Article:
The complexation in the case of anthracene-containing chalcone E-1 was accompanied by a change of the solution color from orange to orange-red. The interaction of chalcones with silver pyrazole complex has been investigated by UV-vis spectroscopy. Compound E-1 shows a broad band with a vibronic structure in the UV-vis spectrum (340, 364, 386, 413, and 440 nm; Figure 2). It could be assigned to charge transfer from the anthracene fragment to the pyridine-carbonyl fragment (ILCT) and π→π* transitions within the extended aromatic system of anthracene. The titration of E-1 solution in CCl4 with silver(I) complex leads to the decrease in the initial bands and arising of a new low-energy band at ca. 503. Increasing the amount of [AgPz]3 leads to a further decrease in the initial bands and an increase in the new band, demonstrating the complexation.
In contrast, phenyl-substituted chalcone E-2 does not possess charge transfer and exhibits only π→π* transitions demonstrating high-energy bands centered at ca. 320 nm (Figure S16). The titration of E-2 solution with [AgPz]3 leads to the same behavior: the intensity of a free chalcone decrease and a new low-energy band increase.
The compositions of complexes were determined by Job’s method in the example of chalcone E-1. It was shown using IR and UV-vis spectroscopy (see supporting information) that a complex containing one molecule of E-1 per one molecule of macrocycle at molar ratios from 7:1 to 1:7 is formed in the CCl4 solution. Thus, the complexes could be formulated as {E-1∙[AgPz]3} (E-1Ag) and {E-2∙[AgPz]3} (E-2Ag).
Crystallization from the equimolar solution (E-1/[AgPz]3 = 1/1) in CCl4 at ambient conditions by slow solvent evaporation (air, room temperature, unprotected from light) led to the formation of crystals suitable for XRD experiments. Interestingly, the Z-form of chalcone 1 has been established in the complex obtained (Figure 3, Scheme S3). It is known that anthracene-containing chalcones undergo E-Z isomerization under ambient light [52]. Complex obtained could be formulated as {(Z-1)∙[AgPz]3} (Z-1Ag, Z-1 = anti-Z-1′). Complex Z-1Ag contains one molecule of chalcone per one molecule of [AgPz]3. The oxygen atom of the carbonyl group and the nitrogen atom in the pyridine fragment chelated one silver atom in the trinuclear core. The Ag1…O1 and Ag1…N7 bonds are 2.611(3) and 2.403(4) Å, respectively. There is a shortened contact Ag2…O1 (2.951(4) Å) in complex Z-1Ag. The carbonyl group oxygen atom and pyridine nitrogen atom chelate a single silver ion in the trinuclear complex, leading to a tetracoordinate environment. A practically linear (175.6°) NPz-Ag-NPz angle in free [AgPz]3 adducts [53] is bent to 142.8° in complex Z-1Ag. Consequently, corresponding NPz-Ag bonds increase to 2244 and 2168 Å (typically ca. 2.1 Å in a free [AgPz]3) [53]. The corresponding Ag…O and Ag…N bonds are in a similar range compared to the complexes of silver(I) pyrazolates with carbonyl compounds or diimines [42,43,45,46].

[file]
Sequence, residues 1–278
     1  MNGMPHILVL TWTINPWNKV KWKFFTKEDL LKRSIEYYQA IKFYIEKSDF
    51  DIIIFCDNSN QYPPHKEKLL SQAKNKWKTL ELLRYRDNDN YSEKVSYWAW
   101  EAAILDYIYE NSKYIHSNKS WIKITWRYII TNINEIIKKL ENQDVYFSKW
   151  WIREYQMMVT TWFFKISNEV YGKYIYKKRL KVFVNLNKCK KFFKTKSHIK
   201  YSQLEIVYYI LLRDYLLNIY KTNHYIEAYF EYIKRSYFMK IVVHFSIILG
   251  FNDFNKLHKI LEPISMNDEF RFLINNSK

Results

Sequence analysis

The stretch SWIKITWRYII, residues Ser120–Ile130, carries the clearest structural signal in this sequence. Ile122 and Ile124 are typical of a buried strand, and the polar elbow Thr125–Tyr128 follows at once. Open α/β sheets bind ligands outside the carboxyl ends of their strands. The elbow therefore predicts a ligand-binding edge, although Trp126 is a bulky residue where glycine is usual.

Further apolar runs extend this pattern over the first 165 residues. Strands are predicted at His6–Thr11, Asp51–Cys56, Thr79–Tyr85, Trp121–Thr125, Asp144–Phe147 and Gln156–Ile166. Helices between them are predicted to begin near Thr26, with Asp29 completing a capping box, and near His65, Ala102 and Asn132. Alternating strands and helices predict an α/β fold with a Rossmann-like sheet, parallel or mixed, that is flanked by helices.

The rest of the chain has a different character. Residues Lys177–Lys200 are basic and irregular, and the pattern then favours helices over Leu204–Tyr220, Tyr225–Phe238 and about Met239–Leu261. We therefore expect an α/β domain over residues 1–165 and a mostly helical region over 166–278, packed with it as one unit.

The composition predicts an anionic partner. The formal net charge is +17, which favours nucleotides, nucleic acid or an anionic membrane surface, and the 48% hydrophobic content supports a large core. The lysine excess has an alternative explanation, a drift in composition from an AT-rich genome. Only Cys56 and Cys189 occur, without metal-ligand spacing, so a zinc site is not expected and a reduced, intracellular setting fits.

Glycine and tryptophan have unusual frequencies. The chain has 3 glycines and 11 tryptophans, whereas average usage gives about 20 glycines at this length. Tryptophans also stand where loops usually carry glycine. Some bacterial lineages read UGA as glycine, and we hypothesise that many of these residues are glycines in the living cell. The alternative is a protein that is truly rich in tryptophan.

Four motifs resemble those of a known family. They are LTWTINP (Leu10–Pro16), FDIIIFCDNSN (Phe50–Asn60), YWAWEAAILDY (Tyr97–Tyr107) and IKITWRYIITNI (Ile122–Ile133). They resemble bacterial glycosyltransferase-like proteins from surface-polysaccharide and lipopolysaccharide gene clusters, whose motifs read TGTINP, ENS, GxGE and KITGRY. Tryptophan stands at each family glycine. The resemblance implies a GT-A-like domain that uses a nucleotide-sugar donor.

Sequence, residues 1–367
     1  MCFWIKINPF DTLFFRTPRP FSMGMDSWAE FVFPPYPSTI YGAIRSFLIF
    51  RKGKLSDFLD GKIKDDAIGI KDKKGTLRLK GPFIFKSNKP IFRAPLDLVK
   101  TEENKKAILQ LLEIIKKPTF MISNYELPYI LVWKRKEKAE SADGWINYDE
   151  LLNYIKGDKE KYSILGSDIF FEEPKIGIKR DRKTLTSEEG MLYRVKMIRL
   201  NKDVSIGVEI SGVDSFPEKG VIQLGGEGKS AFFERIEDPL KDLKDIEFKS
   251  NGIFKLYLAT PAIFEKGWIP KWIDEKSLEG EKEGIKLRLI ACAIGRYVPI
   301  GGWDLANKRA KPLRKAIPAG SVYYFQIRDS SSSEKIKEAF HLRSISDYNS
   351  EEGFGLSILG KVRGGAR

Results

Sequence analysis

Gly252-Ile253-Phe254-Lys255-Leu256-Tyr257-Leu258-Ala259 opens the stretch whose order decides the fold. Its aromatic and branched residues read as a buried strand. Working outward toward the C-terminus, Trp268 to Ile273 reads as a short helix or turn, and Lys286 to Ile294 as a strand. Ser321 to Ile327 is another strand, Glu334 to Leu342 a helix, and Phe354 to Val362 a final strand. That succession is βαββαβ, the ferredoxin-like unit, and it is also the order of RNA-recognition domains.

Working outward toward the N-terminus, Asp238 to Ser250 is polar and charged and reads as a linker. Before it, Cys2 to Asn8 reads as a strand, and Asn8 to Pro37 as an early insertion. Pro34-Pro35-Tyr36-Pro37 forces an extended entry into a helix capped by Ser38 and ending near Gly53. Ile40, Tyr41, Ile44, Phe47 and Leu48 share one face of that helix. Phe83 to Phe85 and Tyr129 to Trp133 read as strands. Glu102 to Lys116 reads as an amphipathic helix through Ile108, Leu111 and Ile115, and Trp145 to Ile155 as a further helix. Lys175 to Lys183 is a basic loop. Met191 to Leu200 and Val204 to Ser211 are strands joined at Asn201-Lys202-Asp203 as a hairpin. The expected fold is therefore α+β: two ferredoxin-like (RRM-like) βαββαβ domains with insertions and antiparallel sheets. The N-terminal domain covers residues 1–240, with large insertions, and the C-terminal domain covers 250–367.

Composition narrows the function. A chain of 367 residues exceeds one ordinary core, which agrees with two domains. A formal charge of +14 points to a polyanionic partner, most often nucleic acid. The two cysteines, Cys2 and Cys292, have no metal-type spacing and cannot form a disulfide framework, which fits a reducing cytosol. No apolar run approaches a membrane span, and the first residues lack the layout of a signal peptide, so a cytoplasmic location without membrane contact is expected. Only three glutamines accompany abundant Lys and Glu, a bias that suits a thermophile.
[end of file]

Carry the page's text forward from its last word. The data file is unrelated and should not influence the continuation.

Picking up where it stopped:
Supramolecular packing of complex Z-1Ag is realized via a network of Ag-πantra (3.317–3.401 Å, antra = anthracene) and πPyCO (3.328) intermolecular interactions. The F-F, F-H, and H-πPz contacts are also presented in supramolecular packing (Figure 4).